Launched in 2012, the British Journalism Awards have so far recognised more than 1,000 journalists as finalists.
Making it on to the shortlist is a major achievement. The emphasis on serving the public interest and strict criteria around revelation and journalistic rigour have meant publishers only enter their best work.
With entries now open for the 2020 event, which will be held remotely on 9 December, we’ve crunched the numbers to uncover the key trends and the event’s biggest winners overall so far.
Among his findings are the revelation that over the eight years of the event 740 male journalists have been shortlisted versus just 300 female (an issue which Press Gazette has taken steps to address this year).
First up, some ground rules: an individual is counted as “winning” an award, or getting on a shortlist, if they were nominated individually, or as part of a team where no more than six people were named in all. That way, we can be sure they played a significant role in the relevant entry.
Jonathan Calvert – editor of the Sunday Times’ investigative Insight team – has the most wins (seven) and the most appearances on a shortlist (14 in total). All but one of his wins – and all his other shortlist appearances – were in conjunction with at least one other member of the team. Three of his awards were won jointly with Heidi Blake in 2014, for their Fifa Files exposé; two more in 2015, including the coveted journalist of the year award.
The success of the Insight team means two other members – Heidi Blake and George Arbuthnott – are tied for second in terms of wins, with four apiece.
The Guardian’s Carole Cadwalladr is the only person to win exactly three awards – for technology in 2017 and 2018, and for investigation of the year in 2018. She’s won a BJA every time she’s made a shortlist.
George Arbuthnott also has the second highest number of overall appearances on an awards shortlist, with ten, including six occasions where he missed out on a prize.
Ian Birrell (freelance mainly for the Mail titles, and latterly also the i) is third, with nine shortlist appearances. He won on only one occasion, though, scooping the award for popular journalism in 2018.
Paul Morgan-Bentley (of the Mail group and latterly the Times group), Julian Sturdy (of BBC East) and Jonathan Gibson (of BBC Birmingham) have all been shortlisted five times – but never won.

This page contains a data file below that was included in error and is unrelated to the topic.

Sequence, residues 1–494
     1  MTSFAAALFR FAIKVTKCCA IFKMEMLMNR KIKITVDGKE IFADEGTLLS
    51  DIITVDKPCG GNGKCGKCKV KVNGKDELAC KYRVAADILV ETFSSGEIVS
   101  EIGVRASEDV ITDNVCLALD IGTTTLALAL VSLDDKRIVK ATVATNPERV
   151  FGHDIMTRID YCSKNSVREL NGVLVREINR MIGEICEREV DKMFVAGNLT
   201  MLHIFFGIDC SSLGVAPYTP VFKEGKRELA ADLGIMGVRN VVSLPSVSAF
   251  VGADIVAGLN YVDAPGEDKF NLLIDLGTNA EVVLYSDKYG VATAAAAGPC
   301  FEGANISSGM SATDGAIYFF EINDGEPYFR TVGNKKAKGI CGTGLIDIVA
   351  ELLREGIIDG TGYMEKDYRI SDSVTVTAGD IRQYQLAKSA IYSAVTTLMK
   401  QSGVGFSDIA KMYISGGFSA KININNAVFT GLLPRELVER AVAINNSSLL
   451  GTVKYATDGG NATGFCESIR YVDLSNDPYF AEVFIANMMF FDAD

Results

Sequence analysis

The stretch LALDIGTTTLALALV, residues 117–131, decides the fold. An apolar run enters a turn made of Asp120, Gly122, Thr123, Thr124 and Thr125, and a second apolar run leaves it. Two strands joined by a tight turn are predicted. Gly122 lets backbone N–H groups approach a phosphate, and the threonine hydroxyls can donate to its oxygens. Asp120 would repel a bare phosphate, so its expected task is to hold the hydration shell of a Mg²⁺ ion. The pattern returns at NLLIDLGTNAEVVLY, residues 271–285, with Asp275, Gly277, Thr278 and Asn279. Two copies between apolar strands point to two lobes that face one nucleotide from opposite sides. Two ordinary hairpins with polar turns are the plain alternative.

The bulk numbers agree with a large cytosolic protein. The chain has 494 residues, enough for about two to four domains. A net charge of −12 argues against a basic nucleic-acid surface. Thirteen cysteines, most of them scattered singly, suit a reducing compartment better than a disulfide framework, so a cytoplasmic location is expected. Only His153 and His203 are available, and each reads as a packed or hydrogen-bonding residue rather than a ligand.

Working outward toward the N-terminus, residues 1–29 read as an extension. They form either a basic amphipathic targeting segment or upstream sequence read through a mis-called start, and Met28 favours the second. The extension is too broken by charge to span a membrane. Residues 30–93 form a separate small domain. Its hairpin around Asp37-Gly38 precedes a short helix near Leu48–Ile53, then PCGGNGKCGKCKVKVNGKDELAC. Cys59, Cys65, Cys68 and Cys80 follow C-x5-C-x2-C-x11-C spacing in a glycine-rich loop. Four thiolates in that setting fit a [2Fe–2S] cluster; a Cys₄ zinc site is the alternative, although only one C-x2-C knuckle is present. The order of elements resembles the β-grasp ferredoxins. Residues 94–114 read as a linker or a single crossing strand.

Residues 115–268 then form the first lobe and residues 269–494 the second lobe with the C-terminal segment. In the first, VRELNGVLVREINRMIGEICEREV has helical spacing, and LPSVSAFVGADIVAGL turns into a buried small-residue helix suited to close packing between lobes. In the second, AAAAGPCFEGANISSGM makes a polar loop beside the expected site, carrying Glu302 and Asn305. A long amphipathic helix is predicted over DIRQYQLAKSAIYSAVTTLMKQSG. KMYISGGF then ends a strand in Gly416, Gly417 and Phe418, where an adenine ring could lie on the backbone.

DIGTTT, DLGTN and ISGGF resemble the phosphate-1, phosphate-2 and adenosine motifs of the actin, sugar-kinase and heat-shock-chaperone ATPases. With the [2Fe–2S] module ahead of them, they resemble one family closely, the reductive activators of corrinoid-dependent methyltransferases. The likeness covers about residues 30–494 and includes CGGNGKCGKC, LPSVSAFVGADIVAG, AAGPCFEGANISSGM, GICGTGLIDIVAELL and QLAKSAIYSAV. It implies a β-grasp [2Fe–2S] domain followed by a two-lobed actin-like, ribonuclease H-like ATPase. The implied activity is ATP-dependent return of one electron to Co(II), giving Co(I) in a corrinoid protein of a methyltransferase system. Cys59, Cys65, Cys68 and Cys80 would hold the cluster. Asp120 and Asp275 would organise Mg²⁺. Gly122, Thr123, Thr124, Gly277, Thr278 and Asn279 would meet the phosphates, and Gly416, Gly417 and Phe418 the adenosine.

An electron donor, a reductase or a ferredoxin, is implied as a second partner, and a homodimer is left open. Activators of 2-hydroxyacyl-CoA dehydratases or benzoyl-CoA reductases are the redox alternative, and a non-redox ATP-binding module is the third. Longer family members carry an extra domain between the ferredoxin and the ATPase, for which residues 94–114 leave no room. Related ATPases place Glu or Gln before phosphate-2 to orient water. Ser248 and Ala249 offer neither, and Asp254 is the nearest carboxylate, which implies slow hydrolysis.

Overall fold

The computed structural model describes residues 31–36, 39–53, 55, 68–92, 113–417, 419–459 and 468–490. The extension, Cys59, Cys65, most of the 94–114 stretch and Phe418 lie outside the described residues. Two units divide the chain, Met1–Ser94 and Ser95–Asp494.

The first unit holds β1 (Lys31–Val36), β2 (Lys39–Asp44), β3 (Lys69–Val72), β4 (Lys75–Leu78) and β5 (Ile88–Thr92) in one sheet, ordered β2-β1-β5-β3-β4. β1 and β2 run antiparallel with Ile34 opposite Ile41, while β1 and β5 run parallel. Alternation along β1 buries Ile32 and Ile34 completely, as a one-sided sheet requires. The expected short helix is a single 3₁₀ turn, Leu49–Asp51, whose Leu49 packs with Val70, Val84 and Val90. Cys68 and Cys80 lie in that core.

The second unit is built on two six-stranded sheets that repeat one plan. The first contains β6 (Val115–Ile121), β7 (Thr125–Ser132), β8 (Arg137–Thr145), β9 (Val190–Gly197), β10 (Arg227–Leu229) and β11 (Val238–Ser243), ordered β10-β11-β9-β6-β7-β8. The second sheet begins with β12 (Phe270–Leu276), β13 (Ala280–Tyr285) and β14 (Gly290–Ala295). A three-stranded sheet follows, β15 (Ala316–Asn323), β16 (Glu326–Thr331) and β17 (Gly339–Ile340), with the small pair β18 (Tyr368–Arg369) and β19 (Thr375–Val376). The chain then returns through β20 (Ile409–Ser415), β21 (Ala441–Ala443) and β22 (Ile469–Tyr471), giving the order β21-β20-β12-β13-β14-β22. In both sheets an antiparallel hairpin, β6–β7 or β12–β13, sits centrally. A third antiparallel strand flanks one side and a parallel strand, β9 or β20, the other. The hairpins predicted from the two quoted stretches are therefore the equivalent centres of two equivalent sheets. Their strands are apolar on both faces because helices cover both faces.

Five more journalists – Richard Pendlebury, Matt Precey, Jim Waterson, David Collins and Christina Lamb – have been shortlisted four times, but always come away empty-handed.
‘Broadsheet’ newspaper titles have dominated
News organisations are more diverse than ever, and it is no longer a simple matter of separating your tabloids from your broadsheets (and even that division has no physical basis these days).
For this analysis, then we roughly divided entries into:
- local news organisation
- foreign news organisation
- news magazine
- specialist publication
- TV or radio
- Independent investigative team
- And news agency.
In each case, we combined Sunday titles (such as the Sunday Mirror), weekday titles (such as the Mirror), and websites (such as Mirror Online) into a single organisation (such as the Mirror group, which would go in the “tabloid” category). We added a separate category for digital native publications (such as Buzzfeed or Huffpost). In an ever-more digital age, there’s something slightly artificial about these divisions; for now they are the best we have.
The broadsheets have dominated the awards over the years, with 346 appearances on a shortlist (41% of all shortlistings), including 71 wins (51% of all wins).
TV and radio organisations have been responsible for 146 shortlistings (17% of shortlistings), and 20 wins (14% of wins). Tabloids have had 138 shortlistings (14%) and 19 wins (16%).
While broadsheets have remained dominant, the picture has changed since the awards started in 2012. In two of the first three years, broadsheets were responsible for more than half of all shortlistings. But both the awards, and the media landscape, have evolved since then.